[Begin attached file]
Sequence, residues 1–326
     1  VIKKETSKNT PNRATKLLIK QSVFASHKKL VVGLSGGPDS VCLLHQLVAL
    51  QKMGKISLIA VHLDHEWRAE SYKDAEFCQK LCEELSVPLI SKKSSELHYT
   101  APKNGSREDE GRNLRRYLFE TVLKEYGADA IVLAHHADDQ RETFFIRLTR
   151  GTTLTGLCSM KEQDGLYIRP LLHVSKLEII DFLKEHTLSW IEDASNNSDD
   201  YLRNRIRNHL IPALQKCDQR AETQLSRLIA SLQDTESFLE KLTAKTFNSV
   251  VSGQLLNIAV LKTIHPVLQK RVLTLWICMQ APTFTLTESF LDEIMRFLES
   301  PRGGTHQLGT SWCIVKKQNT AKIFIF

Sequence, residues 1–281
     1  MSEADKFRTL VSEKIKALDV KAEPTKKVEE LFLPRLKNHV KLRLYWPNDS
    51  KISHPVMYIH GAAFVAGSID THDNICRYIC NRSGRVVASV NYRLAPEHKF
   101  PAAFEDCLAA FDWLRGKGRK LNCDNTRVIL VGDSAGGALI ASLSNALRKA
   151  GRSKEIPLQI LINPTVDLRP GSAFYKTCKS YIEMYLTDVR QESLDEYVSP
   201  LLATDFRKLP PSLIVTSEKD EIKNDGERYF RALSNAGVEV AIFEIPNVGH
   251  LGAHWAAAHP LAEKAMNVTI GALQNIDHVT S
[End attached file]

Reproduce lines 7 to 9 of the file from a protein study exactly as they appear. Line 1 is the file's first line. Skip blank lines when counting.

   251  VSGQLLNIAV LKTIHPVLQK RVLTLWICMQ APTFTLTESF LDEIMRFLES
   301  PRGGTHQLGT SWCIVKKQNT AKIFIF

Sequence, residues 1–281